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Welcome to Min-On’s Music Journey! Today, the Min-On Concert Association and the Embassy of the Republic of Uzbekistan in Japan welcome you to the Republic of Uzbekistan in the heart of Central Asia.

Registan Square in Samarkand

Uzbekistan is known for World Heritage Sites and cities that display the legacy of the Silk Road, which continues to fascinate people across the globe. In particular, Samarkand is major city on the Silk Road that has earned many names for its beautiful scenery, including “the Blue City,” “the Jewel of Islam” and “the Gem of The East.”

Uzbekistan’s charms also include bazaars that sell food, daily essentials and clothing alongside local specialties—they’re a vibrant experience even for tourists just browsing.

Tashkent, the largest city in Uzbekistan

The capital of Uzbekistan, Tashkent, has a population of about 2.5 million people. The city has made rapid progress in culture, politics and manufacturing since the start of the 20th century and is now called the “capital of Central Asia.”

A number of parks, roads and theaters in Tashkent are named after Alisher Navoi, who is revered in Central Asia as the founder of Uzbek literature. The Navoi Theater was built by Japanese citizens interned in Tashkent during WWII, initially serving as an emergency shelter during a major earthquake. Subsequently, its Japanese construction techniques and detailed craftsmanship have been highly admired, and the Uzbek people have expressed their appreciation for this marvelous structure.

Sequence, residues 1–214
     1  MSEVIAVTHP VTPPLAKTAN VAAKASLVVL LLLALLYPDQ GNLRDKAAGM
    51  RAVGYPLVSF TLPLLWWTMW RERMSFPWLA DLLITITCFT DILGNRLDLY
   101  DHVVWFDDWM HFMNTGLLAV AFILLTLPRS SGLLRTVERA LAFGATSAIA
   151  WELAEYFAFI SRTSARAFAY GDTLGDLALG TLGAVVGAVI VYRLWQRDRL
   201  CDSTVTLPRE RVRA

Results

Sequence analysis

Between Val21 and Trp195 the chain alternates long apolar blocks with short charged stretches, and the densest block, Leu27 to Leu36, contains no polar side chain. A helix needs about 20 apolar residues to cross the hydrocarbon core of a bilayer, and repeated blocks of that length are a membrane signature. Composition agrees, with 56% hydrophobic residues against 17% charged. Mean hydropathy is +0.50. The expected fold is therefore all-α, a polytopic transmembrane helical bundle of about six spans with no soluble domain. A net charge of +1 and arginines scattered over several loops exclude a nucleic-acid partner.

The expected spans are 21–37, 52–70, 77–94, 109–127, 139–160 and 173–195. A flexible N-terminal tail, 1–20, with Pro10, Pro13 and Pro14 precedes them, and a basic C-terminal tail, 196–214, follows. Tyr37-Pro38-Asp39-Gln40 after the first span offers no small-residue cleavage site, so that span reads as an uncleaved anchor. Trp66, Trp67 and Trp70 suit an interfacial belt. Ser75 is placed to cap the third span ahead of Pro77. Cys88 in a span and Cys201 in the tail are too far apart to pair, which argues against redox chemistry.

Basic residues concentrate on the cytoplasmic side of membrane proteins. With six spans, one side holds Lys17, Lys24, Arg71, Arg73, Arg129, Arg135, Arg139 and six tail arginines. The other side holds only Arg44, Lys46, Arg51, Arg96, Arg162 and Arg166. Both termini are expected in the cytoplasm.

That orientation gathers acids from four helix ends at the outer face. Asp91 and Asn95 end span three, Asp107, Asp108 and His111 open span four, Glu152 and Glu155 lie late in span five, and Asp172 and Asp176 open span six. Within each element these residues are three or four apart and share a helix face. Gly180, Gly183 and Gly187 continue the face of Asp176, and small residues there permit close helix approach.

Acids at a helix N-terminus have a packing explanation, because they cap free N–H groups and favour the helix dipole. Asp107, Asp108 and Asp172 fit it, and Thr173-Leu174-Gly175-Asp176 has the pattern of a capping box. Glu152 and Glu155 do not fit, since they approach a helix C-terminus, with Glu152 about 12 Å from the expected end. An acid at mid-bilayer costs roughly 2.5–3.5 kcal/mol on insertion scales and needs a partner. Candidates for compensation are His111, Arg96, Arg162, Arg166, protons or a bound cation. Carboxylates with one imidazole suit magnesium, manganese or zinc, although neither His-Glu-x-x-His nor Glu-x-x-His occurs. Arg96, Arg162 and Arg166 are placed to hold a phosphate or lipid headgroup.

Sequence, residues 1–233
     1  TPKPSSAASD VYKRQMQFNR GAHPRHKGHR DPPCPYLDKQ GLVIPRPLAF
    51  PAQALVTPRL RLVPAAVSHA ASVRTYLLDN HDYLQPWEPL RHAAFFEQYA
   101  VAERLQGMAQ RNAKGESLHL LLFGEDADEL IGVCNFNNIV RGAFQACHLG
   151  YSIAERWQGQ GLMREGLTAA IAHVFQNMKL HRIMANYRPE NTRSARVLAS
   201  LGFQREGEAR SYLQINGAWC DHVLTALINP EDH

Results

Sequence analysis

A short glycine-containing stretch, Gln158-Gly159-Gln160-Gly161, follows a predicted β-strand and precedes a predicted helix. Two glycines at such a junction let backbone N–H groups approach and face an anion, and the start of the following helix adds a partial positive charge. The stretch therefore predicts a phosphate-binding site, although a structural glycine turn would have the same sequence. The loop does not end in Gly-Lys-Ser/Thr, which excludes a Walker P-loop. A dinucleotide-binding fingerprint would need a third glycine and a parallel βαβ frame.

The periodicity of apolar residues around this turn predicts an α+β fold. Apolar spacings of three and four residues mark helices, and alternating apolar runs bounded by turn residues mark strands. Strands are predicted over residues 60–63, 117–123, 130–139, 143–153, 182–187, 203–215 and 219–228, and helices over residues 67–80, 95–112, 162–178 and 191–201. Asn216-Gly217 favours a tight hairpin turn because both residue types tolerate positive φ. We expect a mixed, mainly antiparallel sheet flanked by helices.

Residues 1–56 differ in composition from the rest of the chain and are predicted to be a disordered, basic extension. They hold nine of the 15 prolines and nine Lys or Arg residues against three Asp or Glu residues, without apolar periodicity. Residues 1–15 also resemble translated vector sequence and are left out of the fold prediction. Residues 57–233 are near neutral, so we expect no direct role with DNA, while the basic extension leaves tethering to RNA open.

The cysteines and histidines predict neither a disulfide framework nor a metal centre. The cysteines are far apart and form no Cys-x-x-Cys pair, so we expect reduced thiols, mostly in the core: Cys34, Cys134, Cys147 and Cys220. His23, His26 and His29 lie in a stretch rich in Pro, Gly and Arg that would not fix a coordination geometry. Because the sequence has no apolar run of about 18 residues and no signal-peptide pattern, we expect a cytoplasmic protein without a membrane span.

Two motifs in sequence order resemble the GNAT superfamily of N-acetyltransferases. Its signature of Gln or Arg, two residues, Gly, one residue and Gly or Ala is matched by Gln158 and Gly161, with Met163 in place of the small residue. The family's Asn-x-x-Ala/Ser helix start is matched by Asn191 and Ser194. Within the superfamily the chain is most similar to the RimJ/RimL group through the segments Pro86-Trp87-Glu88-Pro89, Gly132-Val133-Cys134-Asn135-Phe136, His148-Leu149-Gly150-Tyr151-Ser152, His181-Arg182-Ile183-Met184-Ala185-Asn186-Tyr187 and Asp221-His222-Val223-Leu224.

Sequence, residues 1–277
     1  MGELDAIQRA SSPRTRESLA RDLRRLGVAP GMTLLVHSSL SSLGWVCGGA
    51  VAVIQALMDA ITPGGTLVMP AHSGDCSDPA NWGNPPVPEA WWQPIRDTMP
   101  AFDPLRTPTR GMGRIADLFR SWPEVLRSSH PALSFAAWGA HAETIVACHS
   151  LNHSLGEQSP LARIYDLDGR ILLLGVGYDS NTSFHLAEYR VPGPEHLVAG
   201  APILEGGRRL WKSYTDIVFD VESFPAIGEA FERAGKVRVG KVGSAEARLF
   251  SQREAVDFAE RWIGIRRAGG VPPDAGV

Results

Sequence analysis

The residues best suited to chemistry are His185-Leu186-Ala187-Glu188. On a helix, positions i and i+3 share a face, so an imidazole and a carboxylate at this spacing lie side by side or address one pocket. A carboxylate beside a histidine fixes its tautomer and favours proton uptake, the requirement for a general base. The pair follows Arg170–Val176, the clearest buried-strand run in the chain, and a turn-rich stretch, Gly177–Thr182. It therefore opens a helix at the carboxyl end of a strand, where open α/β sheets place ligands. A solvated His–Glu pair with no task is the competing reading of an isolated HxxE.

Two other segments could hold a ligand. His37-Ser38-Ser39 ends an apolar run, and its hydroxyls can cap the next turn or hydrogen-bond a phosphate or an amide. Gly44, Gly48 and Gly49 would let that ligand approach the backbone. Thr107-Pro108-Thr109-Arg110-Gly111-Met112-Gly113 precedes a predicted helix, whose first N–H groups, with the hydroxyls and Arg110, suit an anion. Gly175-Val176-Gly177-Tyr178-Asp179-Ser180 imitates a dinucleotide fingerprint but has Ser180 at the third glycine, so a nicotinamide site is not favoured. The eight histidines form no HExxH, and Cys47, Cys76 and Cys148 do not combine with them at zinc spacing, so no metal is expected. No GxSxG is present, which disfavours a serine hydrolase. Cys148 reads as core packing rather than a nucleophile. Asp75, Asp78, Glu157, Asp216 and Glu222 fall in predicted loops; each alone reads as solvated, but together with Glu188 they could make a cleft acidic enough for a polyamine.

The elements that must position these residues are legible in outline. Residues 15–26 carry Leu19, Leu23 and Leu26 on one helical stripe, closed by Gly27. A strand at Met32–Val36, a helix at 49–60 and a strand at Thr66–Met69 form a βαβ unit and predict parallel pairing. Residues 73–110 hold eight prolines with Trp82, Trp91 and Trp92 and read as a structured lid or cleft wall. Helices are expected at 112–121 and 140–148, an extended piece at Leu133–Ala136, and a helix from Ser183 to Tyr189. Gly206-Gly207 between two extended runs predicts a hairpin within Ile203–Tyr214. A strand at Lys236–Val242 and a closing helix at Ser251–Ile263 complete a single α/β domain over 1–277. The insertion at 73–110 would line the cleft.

Navoi Theater and a commemorative engraving behind it, featuring a message of appreciation from Uzbekistan to Japan carved in Japanese

Due to major earthquakes and other disasters, few historic structures remain in Tashkent, but some parts of the ancient city can be seen in the historic district of Chorsu. This area is home to Chorsu Bazaar, Tashkent’s oldest and largest bazaar that is always full of locals and visitors.

The iconic blue dome and interior of Chorsu Bazaar

Tashkent is also home to Central Asia’s first subway system. Any visitor exploring Tashkent should take a ride!

Beautiful subway interior in Tashkent

Four World Heritages Sites steeped in the atmosphere of the Silk Road

Samarkand flourished as a major city on the Silk Road since before the birth of Christ, and it reached peak prosperity as the capital of the Timurid Empire. Registan Square and is a famous tourist destination, bordered by madrasas (Islamic schools) crowned with domes of Samarkand blue. UNESCO registered “Samarkand – Crossroad of Cultures” as a World Heritage Site in 2001.

A building featuring the definitive “Samarkand blue” color